Tuesday, 2 April 2013

The Controls

By Andy Hamilton

“We should have left a note,” she says, watching him struggle with the oversized steering wheel.
“Will you stop with the note already!”
“It’s just, I’m just saying…”
“I know, but you’ve been ‘just saying’ every five minutes since we left.”
She folds her arms tightly and peers through the windscreen.
"Listen,” he says. “We’ve practiced for this, haven’t we?”
“Yes but…” 
“We’re ready. You said it yourself. We can’t learn anymore from practicing, we need to start doing. You said that yourself.”
“I know, but this is different; this is dangerous. If we’d just left a note, then if something goes wrong, someone might…”
“What could go wrong?” he interrupts. “We both know what we’re doing. Right?”
“Yes but…”
“Okay then. Lets go.”
“Look!” he says, pointing at a grey spec through the windscreen. “There it is.”
“There? Really, are you sure?”
 “Look around, this is exactly what the map described.”
 “It doesn’t look like much,” she says.
 He exhales deeply, allowing his cheeks to puff out. “It doesn’t look like much… yet.”
 “Yes,” she says. “Of course, ‘yet’. Which one is ours?”
 “Ours? Let me double check.” He rumbles through a stack of crumpled papers on the dashboard. “Here we go. Ours is number three.”
 “Number three,” she says, pressing her index finger against the windscreen. “One. Two. That’s it. That’s our spot.”
“Are you ready?” he says, taking her gently by the hand.
“I’m ready. If we pull this off, we’ll get A’s for sure.”
“Okay. You first.”
“Me,” she says, holding her hand to her chest. “Why don’t you go first?”
“You have to go first. HELLO! You’re the planetary expert. I can’t do my thing until you’ve done yours.”
“Oh yes, I suppose you’re right.” She takes a small laptop computer from her bag and begins to type. “I decided to take a little bit from all the models I’ve coded before and combine them into one brilliant supermodel.”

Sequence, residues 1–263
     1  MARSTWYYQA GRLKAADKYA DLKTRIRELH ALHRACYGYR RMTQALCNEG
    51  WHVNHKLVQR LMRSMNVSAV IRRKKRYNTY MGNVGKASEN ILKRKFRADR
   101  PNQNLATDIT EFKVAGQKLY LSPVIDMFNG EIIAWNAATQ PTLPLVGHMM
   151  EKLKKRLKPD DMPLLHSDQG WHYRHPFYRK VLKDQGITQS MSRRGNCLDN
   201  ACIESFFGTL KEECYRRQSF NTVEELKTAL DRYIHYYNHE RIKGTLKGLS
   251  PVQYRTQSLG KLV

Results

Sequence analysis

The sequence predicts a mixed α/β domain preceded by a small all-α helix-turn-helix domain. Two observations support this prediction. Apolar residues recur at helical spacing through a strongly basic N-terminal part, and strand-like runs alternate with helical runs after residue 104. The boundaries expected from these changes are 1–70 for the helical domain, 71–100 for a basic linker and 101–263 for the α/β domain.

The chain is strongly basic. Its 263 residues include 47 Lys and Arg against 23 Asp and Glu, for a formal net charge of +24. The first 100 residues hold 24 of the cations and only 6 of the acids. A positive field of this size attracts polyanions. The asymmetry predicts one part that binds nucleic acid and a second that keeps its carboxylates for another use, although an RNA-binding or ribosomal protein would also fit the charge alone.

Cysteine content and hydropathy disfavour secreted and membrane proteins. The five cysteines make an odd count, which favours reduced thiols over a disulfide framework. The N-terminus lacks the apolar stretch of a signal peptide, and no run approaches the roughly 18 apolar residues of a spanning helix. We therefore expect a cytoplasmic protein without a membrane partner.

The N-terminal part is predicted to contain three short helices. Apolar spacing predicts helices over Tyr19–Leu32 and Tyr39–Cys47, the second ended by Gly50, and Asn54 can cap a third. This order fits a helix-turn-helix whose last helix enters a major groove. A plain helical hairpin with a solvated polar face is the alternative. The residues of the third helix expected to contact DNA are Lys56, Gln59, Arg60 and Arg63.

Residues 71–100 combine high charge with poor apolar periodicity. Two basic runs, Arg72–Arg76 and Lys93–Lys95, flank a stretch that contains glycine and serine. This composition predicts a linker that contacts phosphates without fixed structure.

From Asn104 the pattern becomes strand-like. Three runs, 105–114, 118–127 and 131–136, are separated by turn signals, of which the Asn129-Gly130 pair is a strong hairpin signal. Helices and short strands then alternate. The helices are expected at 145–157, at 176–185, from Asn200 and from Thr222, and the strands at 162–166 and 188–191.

“Okay,” he says, peering over her shoulder.
“My inspiration was motion. Not only will our planet orbit its sun, it will also spin and sort-of bob on its own axis.”
“I know! But that’s just the start. The landmasses and seas will move as well…”
“Exactly, and it will also have an orbiting moon with its own gravitational pull, just to liven things up even more.”
“And weather?”
“The same idea, a bit of everything. There will be cold places, hot places, calm places, stormy places, all sorts of places. And the weather will change too. Different times of day, different weather; different times of the year, different weather.”
“That’s insane!”
“I know. But I think it’ll work.”

“Your turn,” she says, handing him the laptop.
“Me? Well, mine isn’t nearly as elegant a code as…”
“Quit stalling. I showed you mine.”
“Okay,” he says. “Okay. I decided to write a quite basic evolution programme…”
“Evolution! You must be kidding me.”
“It’s a rip. Your evolution programme is just going to copy and paste the code from my model. Your lifeforming is going to rip-off my terraforming.”
“Hang on,” he says. “You didn’t let me finish. I started with an evolution programme, but I tweaked it.”
“Yes really, I changed a lot actually. This code will be 100 per cent original me. Totally in my image.”
“And how do you figure that?”
“Because of the controls.”
“The controls?”
“Ya, I coded in a load of controls to make sure that everything evolves in its own random way.”
“Oh ya, like what?”
“Well I engineered love.”
“Love! Great, that’s going to get us an A.”
“Not just love, I coded hate too; and jealousy, anger, lust, compassion, grief. I’ve coded all sorts – stuff that’s never been done before. Spirituality, religion.”
“But that’s mad. Anything could happen? The whole thing could crumble into chaos.”
“Don’t worry,” he says, as he taps his forehead softly. “I also wrote a code for the sun. So no matter what evolves – after about five billion year – it all goes kablammo!”
“Oh God,” she says, as the oceans begin to fill with water. “We should have left a note.”